Oregon State University researchers have discovered a new link between cognitive functioning and gut bacteria. In recent years the science involving bacteria in the gut and its link to health and cognitive functioning has boomed. Parkinson’s disease has even been linked to changes in gut bacteria. Published in the journal Neuroscience, a new study shows that diets high in fat and sugar are probably impacting cognitive functioning, because of their impact on the type of bacteria that thrive on high-fat and high-sugar diets.
These diets, according to Professor Kathy Magnusson of OSU’s Linus Pauling Institute, trigger changes in gut bacteria that seem to be associated with a noticeable loss of ability to adapt to situations when they veer off course, a skill called “cognitive flexibility.”
Medical News Today explained cognitive flexibility with an example provided by Prof. Magnusson.
“Explaining what cognitive flexibility is, Prof. Magnusson asks us to imagine driving home using a route that is very familiar. One day, the road is closed, meaning we need to find a different route.
“An individual with a high level of cognitive flexibility would adapt to the situation straight away, immediately seeking out an alternative route. But a person with impaired cognitive flexibility may find the unexpected change in situation very stressful, causing them to become flustered and take longer getting home.”
Diets high in sugar and high in fat, which are common in the Western diet, seem to also cause poor memory. Both long-term and short-term memory may suffer when people eat food typically found in a fast food meal, or the average American elementary school child’s lunch. Prof. Magnusson said that the body of evidence that has been gathering since scientists began looking at the link between gut bacteria and the brain is that gut bacteria has a direct line of communication with the brain.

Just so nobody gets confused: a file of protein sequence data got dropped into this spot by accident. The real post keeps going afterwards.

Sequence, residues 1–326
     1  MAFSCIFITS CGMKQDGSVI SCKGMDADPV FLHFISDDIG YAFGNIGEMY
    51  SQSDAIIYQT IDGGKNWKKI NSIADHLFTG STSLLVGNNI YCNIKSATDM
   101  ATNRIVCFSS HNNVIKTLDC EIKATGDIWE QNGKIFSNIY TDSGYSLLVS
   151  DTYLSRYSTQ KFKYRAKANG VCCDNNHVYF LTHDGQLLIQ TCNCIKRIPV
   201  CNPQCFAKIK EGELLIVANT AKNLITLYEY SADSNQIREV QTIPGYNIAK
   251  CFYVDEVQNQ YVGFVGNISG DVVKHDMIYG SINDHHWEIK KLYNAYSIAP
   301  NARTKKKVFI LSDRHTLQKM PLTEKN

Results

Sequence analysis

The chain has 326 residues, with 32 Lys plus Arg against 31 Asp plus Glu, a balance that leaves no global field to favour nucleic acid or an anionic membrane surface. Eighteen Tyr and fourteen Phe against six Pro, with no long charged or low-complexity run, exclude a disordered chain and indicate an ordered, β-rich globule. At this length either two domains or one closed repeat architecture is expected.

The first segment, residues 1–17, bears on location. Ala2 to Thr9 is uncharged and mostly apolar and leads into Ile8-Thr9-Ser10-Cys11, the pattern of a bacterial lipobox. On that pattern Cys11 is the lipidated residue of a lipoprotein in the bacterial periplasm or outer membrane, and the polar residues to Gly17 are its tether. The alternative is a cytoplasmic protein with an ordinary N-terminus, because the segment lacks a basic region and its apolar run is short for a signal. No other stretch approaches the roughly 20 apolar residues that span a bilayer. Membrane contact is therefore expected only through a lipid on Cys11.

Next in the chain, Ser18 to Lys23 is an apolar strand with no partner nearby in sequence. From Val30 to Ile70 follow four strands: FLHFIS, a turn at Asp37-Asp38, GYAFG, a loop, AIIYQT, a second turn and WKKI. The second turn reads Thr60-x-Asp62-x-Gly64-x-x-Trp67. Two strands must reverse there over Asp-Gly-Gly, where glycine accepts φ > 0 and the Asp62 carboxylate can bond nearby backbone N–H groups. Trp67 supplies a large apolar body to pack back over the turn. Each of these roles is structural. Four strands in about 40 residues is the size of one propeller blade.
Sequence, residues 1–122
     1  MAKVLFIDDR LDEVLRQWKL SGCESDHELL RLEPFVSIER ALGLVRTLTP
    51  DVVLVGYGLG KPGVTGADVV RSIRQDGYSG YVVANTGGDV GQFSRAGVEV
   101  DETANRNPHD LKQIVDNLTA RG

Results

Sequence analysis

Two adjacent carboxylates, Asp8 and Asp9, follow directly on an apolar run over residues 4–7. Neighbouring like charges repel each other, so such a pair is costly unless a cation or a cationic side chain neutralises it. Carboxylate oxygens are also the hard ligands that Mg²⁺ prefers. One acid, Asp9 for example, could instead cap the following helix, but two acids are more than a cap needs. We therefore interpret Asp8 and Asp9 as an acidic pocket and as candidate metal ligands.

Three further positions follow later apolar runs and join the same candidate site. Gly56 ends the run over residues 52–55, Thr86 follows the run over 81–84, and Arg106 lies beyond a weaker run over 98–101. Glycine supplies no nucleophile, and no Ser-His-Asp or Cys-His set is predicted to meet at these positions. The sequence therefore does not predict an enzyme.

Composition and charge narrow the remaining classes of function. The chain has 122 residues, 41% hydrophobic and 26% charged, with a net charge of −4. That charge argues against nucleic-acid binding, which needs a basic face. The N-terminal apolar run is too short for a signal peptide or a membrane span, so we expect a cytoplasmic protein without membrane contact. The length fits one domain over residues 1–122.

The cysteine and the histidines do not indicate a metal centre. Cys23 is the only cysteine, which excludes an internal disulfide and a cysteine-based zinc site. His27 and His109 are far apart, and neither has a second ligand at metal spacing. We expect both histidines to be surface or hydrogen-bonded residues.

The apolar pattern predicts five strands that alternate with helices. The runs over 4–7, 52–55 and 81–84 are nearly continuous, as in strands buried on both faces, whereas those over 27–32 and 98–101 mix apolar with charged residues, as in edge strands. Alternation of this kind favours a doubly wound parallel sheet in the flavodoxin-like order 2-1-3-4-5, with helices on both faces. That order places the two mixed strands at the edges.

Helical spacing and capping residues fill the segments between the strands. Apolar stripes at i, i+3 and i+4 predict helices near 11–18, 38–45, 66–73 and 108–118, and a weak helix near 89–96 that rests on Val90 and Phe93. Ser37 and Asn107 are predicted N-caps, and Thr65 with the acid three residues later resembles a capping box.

“Bacteria can release compounds that act as neurotransmitters, stimulate sensory nerves or the immune system, and affect a wide range of biological functions. We’re not sure just what messages are being sent, but we are tracking down the pathways and the effects.”
In the research study, the test subjects, which were young male mice, were randomly fed high-fat diets (42 percent fat), high-sugar diets (70 percent carbohydrate), or their normal diets. The test window was two weeks long. The fecal bacterium of the mice were sampled before and after the two-week period. The subjects’ cognitive functioning was also assessed before and after the two-week long diet test.
Both the high-fat and the high-sugar diets were found to increase bacteria known as Clostridiales. These diets also reduced bacteria known as Bacteroidales, but the sugar-fed subjects had the highest growth of Clostridiales and the biggest decline of Bacteroidales. The test subjects fed the high-sugar diets also suffered the greatest decline in cognitive functioning.
“We’ve known for a while that too much fat and sugar are not good for you. This work suggests that fat and sugar are altering your healthy bacterial systems, and that’s one of the reasons those foods aren’t good for you,” Prof. Magnusson said. “It’s not just the food that could be influencing your brain, but an interaction between the food and microbial changes.”
“It’s increasingly clear that our gut bacteria, or microbiota, can communicate with the human brain,” said Kathy Magnusson of the link between changes in gut bacteria and changes in cognitive flexibility and memory.
Image credit: Umberto Salvagnin | Flickr